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Vioxx Information


VIOXX is one of a new class of drugs released in 1999 called COX-2 inhibitors. It is a non-steroidal anti-inflammatory drug (NSAID) often prescribed to relieve acute pain in adults, dysmenorrhea (painful menstrual cycles), osteoarthritis, and rheumatoid arthritis. It was marketed as 12.5mg, 25mg, and 50mg tablets and as an oral suspension. VIOXX was one of the fastest-selling new drugs in the world made by Merck & Co. The drug maker estimates that 13 and 24 million patients have been prescribed the drug in the U.S. and worldwide, respectively. The sale of VIOXX in the U.S. exceeded $2.5 billion in 2003.

Unlike the traditional NSAIDs - such as Ibuprofen, Aleve, Naproxen, and Aspirin - VIOXX and the other COX-2 inhibitors selectively block the COX-2 enzyme - which is responsible for triggering pain and inflammation - while leaving the COX-1 enzyme alone. This is important because the COX-1 enzyme is essential in the protection of the stomach lining, and blocking it could lead to ulcers, bleeding, and gastrointestinal damage. Therefore, VIOXX and the other COX-2 inhibitors were generally promoted as being safer and better pain relievers than the traditional NSAIDs.

The initial studies showed that VIOXX users were 50% less likely to develop ulcers and gastrointestinal problems associated with the drug when compared to the traditional NSAIDs. This led the Food and Drug Administration (FDA) to approve VIOXX in May 1999, through its expedited review process. However, a later study, VIGOR (VIOXX GI Outcomes Research) revealed that although VIOXX reduced the chances of ulcers and gastrointestinal problems, it also increased the chances of heart attacks by its users. This prompted the FDA to require this new side effect to be included in the drug's labeling as of April 2002.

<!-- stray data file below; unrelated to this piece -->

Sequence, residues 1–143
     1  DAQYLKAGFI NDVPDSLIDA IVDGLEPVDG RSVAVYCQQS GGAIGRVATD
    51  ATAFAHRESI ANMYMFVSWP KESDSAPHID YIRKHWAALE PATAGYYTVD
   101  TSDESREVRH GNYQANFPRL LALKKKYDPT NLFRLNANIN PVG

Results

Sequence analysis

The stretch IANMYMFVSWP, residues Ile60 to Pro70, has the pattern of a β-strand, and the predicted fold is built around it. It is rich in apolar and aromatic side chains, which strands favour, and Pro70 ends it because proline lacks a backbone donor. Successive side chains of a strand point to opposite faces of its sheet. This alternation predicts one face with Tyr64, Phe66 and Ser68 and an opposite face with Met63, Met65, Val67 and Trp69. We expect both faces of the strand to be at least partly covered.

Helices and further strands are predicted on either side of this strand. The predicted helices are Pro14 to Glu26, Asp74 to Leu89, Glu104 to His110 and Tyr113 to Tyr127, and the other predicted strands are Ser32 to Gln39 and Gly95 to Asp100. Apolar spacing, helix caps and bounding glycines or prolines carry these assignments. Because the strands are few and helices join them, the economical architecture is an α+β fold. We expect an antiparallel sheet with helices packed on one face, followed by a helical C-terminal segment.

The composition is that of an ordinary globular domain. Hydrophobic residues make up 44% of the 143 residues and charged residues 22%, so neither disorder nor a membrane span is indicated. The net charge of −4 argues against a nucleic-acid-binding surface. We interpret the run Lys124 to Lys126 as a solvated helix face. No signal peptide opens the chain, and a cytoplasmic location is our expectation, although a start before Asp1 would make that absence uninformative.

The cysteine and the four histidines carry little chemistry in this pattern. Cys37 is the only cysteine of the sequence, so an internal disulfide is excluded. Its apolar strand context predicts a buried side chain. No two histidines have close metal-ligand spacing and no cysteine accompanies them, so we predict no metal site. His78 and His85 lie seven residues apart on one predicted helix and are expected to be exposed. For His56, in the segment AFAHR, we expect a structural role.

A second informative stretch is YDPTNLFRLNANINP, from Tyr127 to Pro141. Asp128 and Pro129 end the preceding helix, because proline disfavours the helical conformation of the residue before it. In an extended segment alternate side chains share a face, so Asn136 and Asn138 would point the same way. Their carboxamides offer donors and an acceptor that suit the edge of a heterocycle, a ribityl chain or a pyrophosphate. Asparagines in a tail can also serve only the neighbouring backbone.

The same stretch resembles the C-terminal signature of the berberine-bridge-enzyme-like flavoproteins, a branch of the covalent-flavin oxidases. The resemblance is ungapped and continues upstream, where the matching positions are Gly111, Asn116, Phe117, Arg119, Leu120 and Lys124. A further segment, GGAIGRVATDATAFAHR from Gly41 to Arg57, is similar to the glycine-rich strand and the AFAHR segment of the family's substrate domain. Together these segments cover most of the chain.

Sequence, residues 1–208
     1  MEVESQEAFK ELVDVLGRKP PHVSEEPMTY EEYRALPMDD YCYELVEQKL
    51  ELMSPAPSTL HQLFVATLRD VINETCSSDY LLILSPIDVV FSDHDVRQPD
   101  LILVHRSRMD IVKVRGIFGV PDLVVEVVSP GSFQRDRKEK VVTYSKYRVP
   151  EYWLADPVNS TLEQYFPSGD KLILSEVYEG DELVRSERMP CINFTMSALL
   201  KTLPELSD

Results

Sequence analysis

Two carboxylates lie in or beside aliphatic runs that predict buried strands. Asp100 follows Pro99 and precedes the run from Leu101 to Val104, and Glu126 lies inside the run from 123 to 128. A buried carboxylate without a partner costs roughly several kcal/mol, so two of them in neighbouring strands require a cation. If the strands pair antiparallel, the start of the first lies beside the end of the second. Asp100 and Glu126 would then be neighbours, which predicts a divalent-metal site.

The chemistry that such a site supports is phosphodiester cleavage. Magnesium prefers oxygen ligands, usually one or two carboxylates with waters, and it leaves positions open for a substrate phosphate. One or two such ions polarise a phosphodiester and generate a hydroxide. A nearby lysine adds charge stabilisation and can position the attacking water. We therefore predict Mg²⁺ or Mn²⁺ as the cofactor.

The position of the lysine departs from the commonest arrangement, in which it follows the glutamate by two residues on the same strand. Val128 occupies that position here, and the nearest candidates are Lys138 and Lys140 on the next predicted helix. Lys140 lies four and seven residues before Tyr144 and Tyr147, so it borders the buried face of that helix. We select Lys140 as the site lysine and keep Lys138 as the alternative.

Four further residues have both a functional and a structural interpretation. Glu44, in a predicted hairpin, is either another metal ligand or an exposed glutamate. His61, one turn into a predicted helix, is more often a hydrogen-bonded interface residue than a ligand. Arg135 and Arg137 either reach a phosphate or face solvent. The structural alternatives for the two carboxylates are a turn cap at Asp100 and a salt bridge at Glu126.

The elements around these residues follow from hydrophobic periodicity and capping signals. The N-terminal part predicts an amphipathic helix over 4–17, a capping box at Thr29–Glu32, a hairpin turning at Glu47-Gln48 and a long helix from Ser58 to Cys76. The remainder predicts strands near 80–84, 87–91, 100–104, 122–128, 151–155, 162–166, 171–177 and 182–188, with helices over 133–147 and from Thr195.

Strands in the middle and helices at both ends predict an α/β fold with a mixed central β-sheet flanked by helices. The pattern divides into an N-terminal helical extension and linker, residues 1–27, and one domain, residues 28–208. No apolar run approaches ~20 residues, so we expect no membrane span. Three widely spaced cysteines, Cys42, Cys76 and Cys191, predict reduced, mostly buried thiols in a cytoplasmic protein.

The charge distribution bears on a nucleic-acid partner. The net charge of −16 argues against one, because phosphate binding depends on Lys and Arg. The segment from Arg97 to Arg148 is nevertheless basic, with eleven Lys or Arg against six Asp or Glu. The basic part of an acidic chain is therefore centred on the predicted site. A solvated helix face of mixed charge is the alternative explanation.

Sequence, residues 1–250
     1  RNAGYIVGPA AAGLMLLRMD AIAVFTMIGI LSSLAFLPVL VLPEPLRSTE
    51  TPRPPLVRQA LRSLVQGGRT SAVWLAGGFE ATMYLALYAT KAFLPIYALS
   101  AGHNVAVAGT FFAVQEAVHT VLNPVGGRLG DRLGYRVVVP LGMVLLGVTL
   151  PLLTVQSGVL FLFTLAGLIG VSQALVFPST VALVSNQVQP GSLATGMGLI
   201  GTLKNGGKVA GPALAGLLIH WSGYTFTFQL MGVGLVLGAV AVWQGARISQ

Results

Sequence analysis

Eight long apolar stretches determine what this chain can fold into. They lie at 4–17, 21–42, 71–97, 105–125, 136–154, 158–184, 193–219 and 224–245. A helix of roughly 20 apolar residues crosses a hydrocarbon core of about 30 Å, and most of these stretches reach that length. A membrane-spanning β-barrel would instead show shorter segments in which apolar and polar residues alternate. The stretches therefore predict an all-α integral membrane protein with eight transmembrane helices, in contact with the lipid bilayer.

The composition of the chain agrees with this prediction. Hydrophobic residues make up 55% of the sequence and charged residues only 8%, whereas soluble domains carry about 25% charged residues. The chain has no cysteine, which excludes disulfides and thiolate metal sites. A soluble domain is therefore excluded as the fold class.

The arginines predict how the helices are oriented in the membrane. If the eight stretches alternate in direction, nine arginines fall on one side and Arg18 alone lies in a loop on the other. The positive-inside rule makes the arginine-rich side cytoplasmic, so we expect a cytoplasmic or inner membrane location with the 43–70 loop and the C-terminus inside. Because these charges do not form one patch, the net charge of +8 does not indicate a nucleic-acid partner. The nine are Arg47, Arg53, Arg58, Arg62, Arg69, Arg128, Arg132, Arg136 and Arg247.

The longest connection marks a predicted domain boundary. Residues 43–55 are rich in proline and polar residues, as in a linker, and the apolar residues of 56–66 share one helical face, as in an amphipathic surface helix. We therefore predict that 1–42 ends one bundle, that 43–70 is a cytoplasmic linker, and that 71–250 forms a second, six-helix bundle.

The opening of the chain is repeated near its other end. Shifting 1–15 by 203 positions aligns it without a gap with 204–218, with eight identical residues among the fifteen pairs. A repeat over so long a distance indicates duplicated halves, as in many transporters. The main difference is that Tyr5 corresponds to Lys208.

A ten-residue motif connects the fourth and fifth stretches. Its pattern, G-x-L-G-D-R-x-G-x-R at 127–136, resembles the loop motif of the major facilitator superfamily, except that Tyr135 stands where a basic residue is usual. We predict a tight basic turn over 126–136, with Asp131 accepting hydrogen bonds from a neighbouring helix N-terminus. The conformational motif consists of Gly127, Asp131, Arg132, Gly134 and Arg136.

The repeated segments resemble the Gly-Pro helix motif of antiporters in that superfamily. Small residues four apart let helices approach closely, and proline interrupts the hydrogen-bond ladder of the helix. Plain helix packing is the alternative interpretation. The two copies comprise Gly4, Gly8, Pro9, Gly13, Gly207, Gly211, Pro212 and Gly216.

However, on September 30, 2004 Merck & Co. announced its voluntary withdrawal of VIOXX from all markets worldwide. The decision to withdraw VIOXX was based on data from a recent study, Adenomatous Polyp Prevention on VIOXX (APPROVe). Although the purpose of the trial was to see if VIOXX (25mg) was effective in preventing the reappearance of colon polyps in patients, the trial had to be stopped early because the data showed a four-fold increased risk of heart attacks and strokes in the VIOXX users.

Vioxx has been associated with several serious and often life threatening side effects, such as:

* Heart Attack
* Stroke
* Blood Clots
* Angina
* Ulcers/Bleeding
* Nonbacterial Meningitis
* Severe Intestinal Damage
* Kidney Damage
* Heartburn
* Nausea
* Diarrhea
* Upper respiratory tract infection
* High blood pressure
* Swelling of the lower extremities
* Fluid retention

If you or a loved one have taken Vioxx and experienced any of the life threatening side effects listed above you may be entitled to a MONEY SETTLEMENT from the drug companies responsible for your injury.

Frequently Asked Questions About Vioxx

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